What this group fails to realize it that marijuana for medical purposes is not intended to achieve a ‘high’ effect. The group supports that the FDA stands with the finding that “there is no medical benefit of smoked marijuana” (The Clinical Conundrum of Medical Marijuana). However, the dose comes in the form of a pill or in oil form. Medical marijuana may be smoked in other terms but in the treatment for epilepsy, it is not. CALM also fails to realize that in this form it is not addictive, so there is no need to worry that it is in the same class schedule as other ‘hard drugs.’ The group is losing a battle to overturn laws that expand marijuana use in any form as medically it is already legal in 23 states (Pickert).

The fact that there is inconclusive medical research hinders the use of medical marijuana. to be thoroughly vetted as safe and effective. With medical marijuana, there have been many anecdotal cases. clinical trials and laboratory testing. In the Case for Medical Marijuana and Epilepsy Edward Maa discusses the need for additional research on medical marijuana. he says there needs to be a “call for a thoughtful and thorough pharmacologic and clinical investigation into cannabis and its many constituent compounds to confirm or disprove its safety and antiepileptic potential” (Maa,785). In Marijuana: A Time-honored but Untested Treatment for Epilepsy Richard S. McLachlan do boats an entire section on “what remains to be done” in order for medical marijuana to progress. he claims that there is a need for “proper clinical trials” that will be “most likely carried out by university-based at epileptology’s” (McLachlan, 90). And many other established epilepsy researchers had advocated for more research. In Marijuana Use in Epilepsy the Myth and the Reality It mentioned that after extensive media on the antidotal cases of epilepsy treatment with medical marijuana there have been “several uncontrolled observational studies … exploring patients experience using CBD enriched cannabis” (Detyniecki, 65). Clearly, with so many doctors recommending more research be done on medical marijuana in the treatment of epilepsy there needs to be a push for more extensive research.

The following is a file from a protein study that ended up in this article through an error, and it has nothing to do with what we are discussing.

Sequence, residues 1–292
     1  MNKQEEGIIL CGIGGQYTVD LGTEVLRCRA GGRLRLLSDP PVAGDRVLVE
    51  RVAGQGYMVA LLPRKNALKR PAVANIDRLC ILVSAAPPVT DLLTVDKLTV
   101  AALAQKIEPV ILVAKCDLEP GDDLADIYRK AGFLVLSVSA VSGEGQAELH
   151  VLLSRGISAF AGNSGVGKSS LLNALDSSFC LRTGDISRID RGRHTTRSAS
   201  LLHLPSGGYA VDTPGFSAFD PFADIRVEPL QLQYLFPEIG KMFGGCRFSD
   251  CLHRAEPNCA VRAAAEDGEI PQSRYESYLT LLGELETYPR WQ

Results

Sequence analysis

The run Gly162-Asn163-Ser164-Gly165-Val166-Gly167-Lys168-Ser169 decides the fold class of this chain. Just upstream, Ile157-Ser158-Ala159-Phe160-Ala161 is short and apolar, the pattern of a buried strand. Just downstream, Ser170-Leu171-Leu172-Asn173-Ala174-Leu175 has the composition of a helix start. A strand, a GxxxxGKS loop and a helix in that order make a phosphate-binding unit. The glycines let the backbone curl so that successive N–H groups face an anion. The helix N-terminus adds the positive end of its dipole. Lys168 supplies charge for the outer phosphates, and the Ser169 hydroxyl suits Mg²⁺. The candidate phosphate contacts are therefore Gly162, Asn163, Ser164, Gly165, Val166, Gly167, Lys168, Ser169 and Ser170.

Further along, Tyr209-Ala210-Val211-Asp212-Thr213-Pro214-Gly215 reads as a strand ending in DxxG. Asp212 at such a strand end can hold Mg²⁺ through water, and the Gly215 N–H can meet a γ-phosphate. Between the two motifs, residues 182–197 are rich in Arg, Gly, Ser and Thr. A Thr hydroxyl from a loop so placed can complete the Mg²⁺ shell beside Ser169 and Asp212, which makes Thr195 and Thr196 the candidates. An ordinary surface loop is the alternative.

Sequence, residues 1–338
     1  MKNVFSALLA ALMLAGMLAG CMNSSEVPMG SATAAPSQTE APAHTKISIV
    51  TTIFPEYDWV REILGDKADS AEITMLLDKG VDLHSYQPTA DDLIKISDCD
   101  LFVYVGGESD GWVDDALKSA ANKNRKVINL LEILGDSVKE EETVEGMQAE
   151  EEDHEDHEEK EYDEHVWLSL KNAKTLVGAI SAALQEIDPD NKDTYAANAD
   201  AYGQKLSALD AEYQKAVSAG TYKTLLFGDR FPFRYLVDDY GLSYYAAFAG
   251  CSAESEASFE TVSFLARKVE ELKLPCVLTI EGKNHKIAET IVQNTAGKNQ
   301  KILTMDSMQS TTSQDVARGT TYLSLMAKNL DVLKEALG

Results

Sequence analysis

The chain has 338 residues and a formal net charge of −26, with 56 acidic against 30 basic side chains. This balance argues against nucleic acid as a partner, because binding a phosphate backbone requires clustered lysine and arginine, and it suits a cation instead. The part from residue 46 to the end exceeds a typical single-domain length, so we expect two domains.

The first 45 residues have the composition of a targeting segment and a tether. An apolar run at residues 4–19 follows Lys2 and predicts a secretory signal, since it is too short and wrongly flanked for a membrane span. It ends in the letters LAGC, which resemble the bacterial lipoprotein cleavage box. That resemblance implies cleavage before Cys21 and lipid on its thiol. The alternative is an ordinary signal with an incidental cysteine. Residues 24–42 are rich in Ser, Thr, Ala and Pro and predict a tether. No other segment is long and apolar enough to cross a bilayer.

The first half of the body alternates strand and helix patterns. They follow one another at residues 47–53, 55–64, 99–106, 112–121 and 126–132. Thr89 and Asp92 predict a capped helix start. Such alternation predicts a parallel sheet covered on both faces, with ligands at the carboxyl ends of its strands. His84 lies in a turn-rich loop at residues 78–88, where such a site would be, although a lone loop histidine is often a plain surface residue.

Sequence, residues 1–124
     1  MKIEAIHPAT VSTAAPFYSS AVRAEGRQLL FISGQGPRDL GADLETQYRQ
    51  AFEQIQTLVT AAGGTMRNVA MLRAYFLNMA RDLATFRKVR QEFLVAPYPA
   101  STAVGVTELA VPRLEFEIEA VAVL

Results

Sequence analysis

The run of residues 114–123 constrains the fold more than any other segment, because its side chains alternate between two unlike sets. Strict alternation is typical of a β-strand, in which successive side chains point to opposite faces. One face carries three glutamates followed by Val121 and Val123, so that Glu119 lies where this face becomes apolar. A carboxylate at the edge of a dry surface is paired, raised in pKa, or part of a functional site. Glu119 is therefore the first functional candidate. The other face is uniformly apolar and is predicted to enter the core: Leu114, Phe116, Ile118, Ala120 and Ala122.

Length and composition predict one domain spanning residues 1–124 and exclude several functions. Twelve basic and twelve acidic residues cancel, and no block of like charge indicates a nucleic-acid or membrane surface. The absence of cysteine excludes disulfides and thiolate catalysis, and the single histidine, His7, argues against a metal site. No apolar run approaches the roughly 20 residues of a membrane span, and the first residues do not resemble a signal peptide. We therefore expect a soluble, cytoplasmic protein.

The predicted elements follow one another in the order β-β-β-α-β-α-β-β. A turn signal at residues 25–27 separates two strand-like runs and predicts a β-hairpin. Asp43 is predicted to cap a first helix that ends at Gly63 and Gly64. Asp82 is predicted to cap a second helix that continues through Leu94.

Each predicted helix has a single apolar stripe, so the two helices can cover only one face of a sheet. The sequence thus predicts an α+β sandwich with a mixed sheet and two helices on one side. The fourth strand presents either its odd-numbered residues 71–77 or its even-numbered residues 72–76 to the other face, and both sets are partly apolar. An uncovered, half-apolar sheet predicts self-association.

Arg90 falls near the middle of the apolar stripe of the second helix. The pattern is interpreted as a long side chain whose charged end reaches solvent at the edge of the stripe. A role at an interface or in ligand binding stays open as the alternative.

A major problem in conducting research that needs is the inconstancy in dosing. Marijuana is after all, still a plant. There are many strains and variations on the plant and consequently, different concentrations of CBD and THC in each plant. Without a regulated concentration, it is difficult to conduct research that must include constants for the results to be valid. It is possible to regulate the strain of the plant for this purpose. For Charlotte, a stain has been found and named specifically for her. Charlotte’s Web, a strain rich in CBD yet low in THC is what epileptic patients need. The Epilepsy Foundations article entitled Medical Marijuana and Epilepsy note that research I made difficult by “many different substances containing cannabis” that are being used (Medical Marijuana).

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Medical Marijuana for the Treatment of Epilepsy. (2021, Mar 09). Retrieved from